Fri | Dec 8, 2023

Treating urinary incontinence

Published:Wednesday | September 6, 2023 | 12:07 AMKeisha Hill/Senior Gleaner Writer

URINARY INCONTINENCE is the loss of bladder control. The two most common types of urinary incontinence that affect women are stress incontinence and urge incontinence, also called overactive bladder.

Urinary incontinence is not a normal part of ageing, and it can be treated.

According to Dr Charles Rockhead, gynaecologist and founding doctor at Amadeo Medical Group, urine is made by the kidneys and stored in the bladder and the bladder muscles tighten when you need to urinate. “When the bladder muscles tighten, urine is forced out of your bladder through a tube called the urethra. At the same time, sphincter muscles around the urethra relax to let the urine out of your body,” Dr Rockhead said.

Incontinence, he said, can happen when the bladder muscles suddenly tighten and the sphincter muscles are not strong enough to pinch the urethra shut. “This causes a sudden, strong urge to urinate that you may not be able to control. Pressure caused by laughing, sneezing, or exercising can cause you to leak urine,” Dr Rockhead said.

Urinary incontinence may also happen, he said, if there is a problem with the nerves that control the bladder muscles and urethra. Urinary incontinence can mean you leak a small amount of urine or release a lot of urine all at once.

Urinary incontinence affects twice as many women as men. This is because reproductive health events unique to women, like pregnancy, childbirth, and menopause, affect the bladder, urethra, and other muscles that support these organs.

“As many as four in 10 women get urinary incontinence during pregnancy. During pregnancy, as your unborn baby grows, he or she pushes down on your bladder, urethra, and pelvic floor muscles. Over time, this pressure may weaken the pelvic floor muscles and lead to leaks or problems passing urine,” Dr Rockhead said.

Problems during labour and childbirth, especially vaginal birth, can weaken pelvic floor muscles and damage the nerves that control the bladder.

“Most problems with bladder control that happen as a result of labour and delivery go away after the muscles have had some time to heal. However, there are cases in which the problem still persists,” Dr Rockhead said.

Urinary incontinence can happen to women at any age, but it is more common in older women. This is probably because of hormonal changes during menopause. More than four in 10 women 65 and older have urinary incontinence.

Initially, some simple measures can help improve symptoms of urinary incontinence. These may include lifestyle changes such as losing weight and cutting down on caffeine and alcohol, pelvic floor exercises where you strengthen your pelvic floor muscles by squeezing the bladder, training where you learn ways to wait longer between needing to urinate and passing urine.

Dr Rockhead also recommends the EMSELLA technology treatment, a breakthrough treatment for incontinence and confidence. This unique technology revolutionises women’s intimate health and wellness by providing those suffering from incontinence with a completely non-invasive option.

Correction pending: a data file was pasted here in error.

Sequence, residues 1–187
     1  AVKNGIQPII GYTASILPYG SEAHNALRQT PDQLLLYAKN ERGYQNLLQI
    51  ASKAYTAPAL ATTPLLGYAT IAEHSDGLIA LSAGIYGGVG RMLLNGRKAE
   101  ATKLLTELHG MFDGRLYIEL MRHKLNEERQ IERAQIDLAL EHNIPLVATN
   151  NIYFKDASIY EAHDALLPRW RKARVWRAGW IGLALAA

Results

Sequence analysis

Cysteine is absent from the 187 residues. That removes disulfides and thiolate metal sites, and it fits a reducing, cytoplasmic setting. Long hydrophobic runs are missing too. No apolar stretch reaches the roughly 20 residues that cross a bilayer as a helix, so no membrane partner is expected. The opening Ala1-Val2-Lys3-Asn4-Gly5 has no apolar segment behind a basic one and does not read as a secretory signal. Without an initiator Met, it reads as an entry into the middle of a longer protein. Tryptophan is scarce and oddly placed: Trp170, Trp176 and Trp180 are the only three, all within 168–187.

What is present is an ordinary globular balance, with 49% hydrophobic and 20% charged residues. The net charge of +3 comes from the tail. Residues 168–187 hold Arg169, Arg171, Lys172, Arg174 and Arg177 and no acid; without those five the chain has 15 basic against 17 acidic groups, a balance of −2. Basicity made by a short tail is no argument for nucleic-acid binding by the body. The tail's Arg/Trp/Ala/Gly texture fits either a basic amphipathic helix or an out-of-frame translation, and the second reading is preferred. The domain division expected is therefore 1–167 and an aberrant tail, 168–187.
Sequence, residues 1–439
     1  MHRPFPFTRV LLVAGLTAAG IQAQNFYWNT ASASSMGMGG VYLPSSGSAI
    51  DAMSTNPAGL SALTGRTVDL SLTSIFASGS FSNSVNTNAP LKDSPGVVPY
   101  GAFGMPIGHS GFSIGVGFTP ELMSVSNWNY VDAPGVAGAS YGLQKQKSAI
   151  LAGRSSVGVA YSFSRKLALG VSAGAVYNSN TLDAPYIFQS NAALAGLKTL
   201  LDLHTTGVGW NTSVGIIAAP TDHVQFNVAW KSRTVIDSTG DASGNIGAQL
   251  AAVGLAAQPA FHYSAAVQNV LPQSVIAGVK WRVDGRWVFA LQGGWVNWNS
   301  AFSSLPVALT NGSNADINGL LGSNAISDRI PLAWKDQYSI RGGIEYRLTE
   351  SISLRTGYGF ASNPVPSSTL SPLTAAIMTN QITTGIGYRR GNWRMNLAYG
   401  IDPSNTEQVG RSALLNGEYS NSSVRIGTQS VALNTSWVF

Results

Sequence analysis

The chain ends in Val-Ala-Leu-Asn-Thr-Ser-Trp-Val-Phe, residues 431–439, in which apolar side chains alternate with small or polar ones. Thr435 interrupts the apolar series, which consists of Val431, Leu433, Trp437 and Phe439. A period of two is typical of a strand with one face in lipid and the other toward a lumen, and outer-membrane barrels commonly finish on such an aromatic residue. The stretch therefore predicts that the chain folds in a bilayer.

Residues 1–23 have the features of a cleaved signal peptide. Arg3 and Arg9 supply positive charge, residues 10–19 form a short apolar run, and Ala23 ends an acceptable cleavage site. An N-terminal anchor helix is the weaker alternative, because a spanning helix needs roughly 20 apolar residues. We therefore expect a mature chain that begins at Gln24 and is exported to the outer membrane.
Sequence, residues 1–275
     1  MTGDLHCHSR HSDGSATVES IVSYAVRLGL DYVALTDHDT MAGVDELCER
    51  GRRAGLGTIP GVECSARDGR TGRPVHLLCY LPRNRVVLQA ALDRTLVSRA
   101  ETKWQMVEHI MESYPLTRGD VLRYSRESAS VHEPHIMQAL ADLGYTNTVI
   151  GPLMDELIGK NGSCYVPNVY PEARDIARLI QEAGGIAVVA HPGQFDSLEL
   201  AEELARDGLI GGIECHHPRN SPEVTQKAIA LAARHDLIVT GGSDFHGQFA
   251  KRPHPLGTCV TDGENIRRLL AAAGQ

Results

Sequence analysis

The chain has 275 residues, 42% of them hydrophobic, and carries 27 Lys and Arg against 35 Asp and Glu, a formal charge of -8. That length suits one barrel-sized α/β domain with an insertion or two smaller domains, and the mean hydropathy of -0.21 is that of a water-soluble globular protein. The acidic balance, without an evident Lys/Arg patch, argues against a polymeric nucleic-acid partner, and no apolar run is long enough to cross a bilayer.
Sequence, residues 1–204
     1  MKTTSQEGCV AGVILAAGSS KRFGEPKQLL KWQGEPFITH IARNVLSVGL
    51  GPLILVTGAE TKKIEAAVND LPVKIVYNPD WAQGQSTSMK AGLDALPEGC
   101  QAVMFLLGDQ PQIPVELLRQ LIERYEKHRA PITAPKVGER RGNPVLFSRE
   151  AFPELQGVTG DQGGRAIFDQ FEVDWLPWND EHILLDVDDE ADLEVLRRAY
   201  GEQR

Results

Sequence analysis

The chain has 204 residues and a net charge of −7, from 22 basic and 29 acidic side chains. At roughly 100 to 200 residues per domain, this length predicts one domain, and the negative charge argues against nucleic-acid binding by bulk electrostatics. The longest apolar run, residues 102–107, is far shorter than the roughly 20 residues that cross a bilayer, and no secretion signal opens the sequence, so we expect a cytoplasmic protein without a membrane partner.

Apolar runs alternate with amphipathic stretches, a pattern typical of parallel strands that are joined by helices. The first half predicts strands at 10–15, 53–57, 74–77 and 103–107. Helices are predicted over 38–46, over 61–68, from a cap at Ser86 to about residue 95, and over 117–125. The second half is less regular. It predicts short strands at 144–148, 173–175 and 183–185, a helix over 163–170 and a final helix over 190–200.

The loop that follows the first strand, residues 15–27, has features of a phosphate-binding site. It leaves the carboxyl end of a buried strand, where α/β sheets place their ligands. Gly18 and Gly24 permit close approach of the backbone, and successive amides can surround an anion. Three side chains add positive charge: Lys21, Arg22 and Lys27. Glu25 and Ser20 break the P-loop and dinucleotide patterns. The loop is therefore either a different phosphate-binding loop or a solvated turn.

“EMSELLA utilises electromagnetic energy to deliver thousands of supramaximal pelvic floor muscle contractions in a single session. These contractions re-educate the muscles of incontinent patients. These stronger pelvic floor muscles restore continence and the confidence to enjoy normal daily activities without fear of losing bladder control,” Dr Rockhead said.

During each 30-minute session you sit comfortably on the Emsella chair while it generates thousands of supramaximal pelvic floor muscle contractions. Each session is equivalent to doing 11,000 pelvic floor exercises but without the hard work.

“The procedure is non-invasive, and you remain fully clothed throughout. No drugs are required and the most you will feel is a slight tingling during the treatment. With no recovery time needed, you can leave immediately after each session and resume normal daily activity,” Dr Rockhead said.

The majority of people need a course of six sessions over a period of three weeks to see optimum results, with most people seeing and feeling results after just two or three treatment sessions. However, you are advised not to stop your course of treatment even after you are seeing results, as you will have to restart the course in its entirety.

“Most people see and feel results after just two or three treatment sessions. Mild signs and sensations may be noticeable after your first session, but it will take several sessions before you begin to observe the full effect on your symptoms,” Dr Rockhead said.

Treatment sessions are approximately 30 minutes long, and the procedure is not at all painful. You can either bring a friend or family member along to chat to during the treatment or read a book or magazine if you would prefer.

During treatment, some patients feel the tensing and relaxing of the pelvic floor muscles which has been described as a similar feeling to doing Kegel exercises.

The Emsella treatment is offered in Jamaica by Dr Rockhead and his team at Amadeo Medical Group. For more information you can contact: 876-618-0552; 876-361-2355 or 876-428-5504.